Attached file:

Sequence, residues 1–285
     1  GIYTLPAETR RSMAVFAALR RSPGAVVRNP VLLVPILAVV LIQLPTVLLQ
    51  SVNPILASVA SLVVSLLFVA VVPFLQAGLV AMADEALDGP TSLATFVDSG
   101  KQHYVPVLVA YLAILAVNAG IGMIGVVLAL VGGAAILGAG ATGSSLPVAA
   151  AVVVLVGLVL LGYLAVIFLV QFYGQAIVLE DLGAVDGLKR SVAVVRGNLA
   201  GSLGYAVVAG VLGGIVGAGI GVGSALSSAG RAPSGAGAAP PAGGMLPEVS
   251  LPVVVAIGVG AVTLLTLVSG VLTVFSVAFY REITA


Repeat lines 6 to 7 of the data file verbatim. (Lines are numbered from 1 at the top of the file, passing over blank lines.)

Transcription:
   201  GSLGYAVVAG VLGGIVGAGI GVGSALSSAG RAPSGAGAAP PAGGMLPEVS
   251  LPVVVAIGVG AVTLLTLVSG VLTVFSVAFY REITA